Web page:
Google vs Microsoft spat reopens disclosure debate
The latest bug disclosure disagreement between the software giants has reopened the debate into the ethics of disclosure.
A new bug disclosure dispute between Google vs Microsoft has rekindled debate into disclosure ethics, but while the industry mulls the theoretical pros and cons it is the end user that suffers.
The current disagreement hinges on the discovery by Google security researchers of zero-day exploits in Windows and Adobe Flash. The researchers notified the two companies on Friday, October 21st. Adobe updated Flash on October 26th to address CVE-2016-7855 (available via Adobe's updater and Chrome auto-update), but after seven days, Microsoft had not issued a patch to fix the flaw. Google then publicly disclosed the vulnerability in a blog post stating: “After 7 days, per our published policy for actively exploited critical vulnerabilities, we are today disclosing the existence of a remaining critical vulnerability in Windows for which no advisory or fix has yet been released. This vulnerability is particularly serious because we know it is being actively exploited.”
However, Microsoft hit back at the prompt public disclosure, “Google’s decision to disclose these vulnerabilities before patches are broadly available and tested is disappointing, and puts customers at increased risk.” Microsoft claims that the bug has indeed been squashed, and the patch will be released in the next patch Tuesday release, on November 7.
Ilia Kolochenko, CEO High-Tech Bridge & Founder, said: "Taking into consideration that the vulnerability is actively exploit in the wild, and Microsoft delays a security patch, I can understand Google's motivation to urge Microsoft releasing the patch. However, in this particular case, full disclosure may just aggravate the situation for the end-users (victims) by making more cybercriminals exploit the flaw."
Although Google’s disclosure doesn’t precisely pinpoint the vulnerability, it does provide strong clues: “The Windows vulnerability is a local privilege escalation in the Windows kernel that can be used as a security sandbox escape. It can be triggered via the win32k.sys system call NtSetWindowLongPtr() for the index GWLP_ID on a window handle with GWL_STYLE set to WS_CHILD.”
At first sight it’s a simple enough tale, but as usual in the security world, there are a few more layers to it. Google’s bug disclosure policy has been the source of friction between the companies before, back in 2014 and in 2015, and indeed the disclosure deadlines (seven days for critical vulnerabilities under active exploitation, 90 days for critical vulnerabilities that aren’t) were reviewed after considerable industry debate at the time. Google itself admits that “seven days is an aggressive timeline”, and has certainly flexed the 90 day deadline for Apple in the past.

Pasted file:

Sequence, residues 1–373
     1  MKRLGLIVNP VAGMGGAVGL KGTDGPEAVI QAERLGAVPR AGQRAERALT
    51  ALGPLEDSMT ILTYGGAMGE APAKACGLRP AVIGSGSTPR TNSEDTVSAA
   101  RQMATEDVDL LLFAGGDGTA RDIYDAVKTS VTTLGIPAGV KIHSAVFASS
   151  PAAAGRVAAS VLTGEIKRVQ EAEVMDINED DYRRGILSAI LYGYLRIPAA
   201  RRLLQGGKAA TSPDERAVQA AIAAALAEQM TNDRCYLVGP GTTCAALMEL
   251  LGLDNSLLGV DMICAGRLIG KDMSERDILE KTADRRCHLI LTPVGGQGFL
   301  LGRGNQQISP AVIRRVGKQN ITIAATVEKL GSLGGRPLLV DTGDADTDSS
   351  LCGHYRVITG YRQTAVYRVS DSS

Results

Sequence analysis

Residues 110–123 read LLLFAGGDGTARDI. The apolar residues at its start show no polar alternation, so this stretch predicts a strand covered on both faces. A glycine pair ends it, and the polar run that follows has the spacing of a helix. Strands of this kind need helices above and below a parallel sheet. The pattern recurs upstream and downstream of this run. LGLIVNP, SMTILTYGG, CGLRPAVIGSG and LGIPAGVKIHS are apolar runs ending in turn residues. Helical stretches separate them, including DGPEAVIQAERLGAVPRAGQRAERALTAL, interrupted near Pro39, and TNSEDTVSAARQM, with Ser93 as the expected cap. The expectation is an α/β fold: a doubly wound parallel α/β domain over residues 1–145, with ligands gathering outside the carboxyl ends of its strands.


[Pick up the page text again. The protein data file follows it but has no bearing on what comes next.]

Then there’s the question of defining ‘active exploitation’ - in this case, Microsoft has been at pains to point out that the vulnerability in question has been used as part of a low volume spearphishing campaign by a group Microsoft calls ‘Strontium’, other vendors identify them as Fancy Bear, APT28, Sednit, and Pawn Storm. The attack in question relies on a Flash vulnerability to gain control of the browser process, before elevating privileges in order to escape the browser sandbox, then finally installing a backdoor.
Inevitably, the restaging of the debate has reignited the perennial debate around disclosure, and whether the industry should be legislated externally, or continue to self legislate. Microsoft went on the record the last time this happened, back in 2015, stating: “We asked Google to work with us to protect customers by withholding details until we will be releasing a fix. Although following through keeps to Google’s announced timeline for disclosure, the decision feels less like principles and more like a “gotcha”, with customers the ones who may suffer as a result. Microsoft has long believed coordinated disclosure is the right approach and minimizes risk to customers. We believe those who fully disclose a vulnerability before a fix is broadly available are doing a disservice to millions of people and the systems they depend upon.”
So has the time come for more regulation? Ilia Kolochenko thinks not: “Google has a great vision and knowledge of vulnerability research, so I think it’s rather about corporate policy and business, than about a premature decision. I don’t think we need a law or regulation right now for vulnerability disclosure, but a formal framework, encouraging companies to cooperate closely and help each other in order protect end-users, would be great.”
“I think it’s not a question of days, but rather of efficient cooperation to fix the vulnerability. Google has great cybersecurity experts and engineers who can definitely help other companies to understand the problem faster and help fixing it. Instead of endless discussions about the ethics of full disclosure, we should rather concentrate on inter-corporate coordination, cooperation and support to make the Internet safer”, he summarised.